• Speaking of growing, Mattone uses a phrase early in the book that sticks out to me. Here’s the quote: “I have come to believe that organizations that do not compulsively develop leaders and future leaders… unknowingly grow and multiply leadership with a high probability of derailment and failure.” Think about it–we’re all being developed and shaped on a daily basis. The question is whether it’s in a positive way or a negative one.
  • The 3 C’s of foundational leadership are capability, commitment, and connectedness. Capability is the set of skills and competencies available for development and enhancement. Commitment is the set of motivational factors that drive people to higher levels of achievement (passion, zeal, etc.) Connectedness involves the alignment with personal values and organizational goals.

The bottom line

As I’ve said before, I really like reading leadership books, because every one is different and I always pick up some new insights. This one was no exception. Mattone brings some great stories and data together to paint a picture of organizations that truly need a strong crop of leaders while demonstrating how you can make strides toward becoming one of those individuals. Get your copy here.

Like this? Check out other book reviews here.

Innovation Judo (Book Review)

innovation judo book reviewI’ve been reading like crazy lately and have had trouble keeping up with my reviews. Usually it’s even worse: I have no time to read all the books and they just pile up around me. This time around I picked up Innovation Judo: Disarming Roadblocks and Blockheads on the Path to Creativity by Neal Thornberry, PhD (Amazon). I’m a sucker for innovation-focused stuff, and this was definitely a great read on that front. A few good pieces I pulled from the book:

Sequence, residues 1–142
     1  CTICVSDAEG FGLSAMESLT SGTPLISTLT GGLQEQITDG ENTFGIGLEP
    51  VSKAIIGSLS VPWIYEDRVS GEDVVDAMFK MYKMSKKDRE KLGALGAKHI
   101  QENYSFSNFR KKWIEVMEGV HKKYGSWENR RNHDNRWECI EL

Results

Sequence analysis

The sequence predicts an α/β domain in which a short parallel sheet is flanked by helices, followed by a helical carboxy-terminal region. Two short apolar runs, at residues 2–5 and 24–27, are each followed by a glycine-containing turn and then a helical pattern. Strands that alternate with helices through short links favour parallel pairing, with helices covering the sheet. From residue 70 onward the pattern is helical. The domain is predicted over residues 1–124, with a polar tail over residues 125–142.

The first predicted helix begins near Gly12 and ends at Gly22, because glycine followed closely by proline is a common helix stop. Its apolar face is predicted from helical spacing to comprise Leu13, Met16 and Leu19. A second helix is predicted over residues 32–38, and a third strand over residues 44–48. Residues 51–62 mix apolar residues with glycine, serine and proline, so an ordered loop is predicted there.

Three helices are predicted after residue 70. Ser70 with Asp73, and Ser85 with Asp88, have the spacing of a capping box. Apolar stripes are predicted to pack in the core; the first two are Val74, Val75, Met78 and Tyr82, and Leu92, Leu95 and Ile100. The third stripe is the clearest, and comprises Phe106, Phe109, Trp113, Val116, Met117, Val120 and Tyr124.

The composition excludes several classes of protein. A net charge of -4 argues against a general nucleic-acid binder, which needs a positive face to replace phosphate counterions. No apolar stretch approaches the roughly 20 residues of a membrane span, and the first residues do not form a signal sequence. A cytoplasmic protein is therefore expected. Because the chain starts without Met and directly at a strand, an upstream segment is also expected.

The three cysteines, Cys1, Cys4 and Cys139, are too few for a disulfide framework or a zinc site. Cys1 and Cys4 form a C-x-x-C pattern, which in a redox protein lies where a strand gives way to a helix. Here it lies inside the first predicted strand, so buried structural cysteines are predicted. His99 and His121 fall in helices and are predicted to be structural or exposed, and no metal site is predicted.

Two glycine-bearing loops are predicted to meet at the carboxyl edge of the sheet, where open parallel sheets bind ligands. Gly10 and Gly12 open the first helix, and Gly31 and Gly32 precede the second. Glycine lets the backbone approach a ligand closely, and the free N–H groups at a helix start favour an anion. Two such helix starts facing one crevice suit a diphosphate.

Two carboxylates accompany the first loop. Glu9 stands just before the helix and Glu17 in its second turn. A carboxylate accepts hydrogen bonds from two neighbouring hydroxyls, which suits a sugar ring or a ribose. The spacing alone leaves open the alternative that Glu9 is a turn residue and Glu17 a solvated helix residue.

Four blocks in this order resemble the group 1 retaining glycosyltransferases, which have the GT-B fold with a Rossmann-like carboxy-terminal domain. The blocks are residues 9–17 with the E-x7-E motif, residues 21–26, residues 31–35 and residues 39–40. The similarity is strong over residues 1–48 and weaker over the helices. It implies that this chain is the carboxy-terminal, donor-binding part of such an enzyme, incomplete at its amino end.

• Incentives: Want to encourage innovation? Make sure your incentive pay aligns with what you’re trying to promote. Rewarding someone with a movie ticket when they saved the company $10,000 isn’t going to promote additional innovations (or it better be the most awesome movie ever).
  • NIH is poisonous: The “not invented here” mentality that many organizations espouse is a dangerous one. It ultimately leads to more silos and less innovation. Procter & Gamble used to be very closed off, and the book talks about how the business was losing millions of dollars annually due to that sentiment. Now it requires 50% of new ideas to come from outside the company, and it wants to increase it to 80%. That’s a powerful shift and a reason why the company still stands strong year after year.
  • Wackiness: We run into this all the time. People make decisions that make no rational sense and ultimately end up breaking something or causing more work. That can even be the CEO in some cases. Thornberry talks about how nobody wants to tell CEO they are making bad decisions. The good thing is that in the end it usually falls to HR, which can be an opportunity to improve the value of the CEO-HR relationship.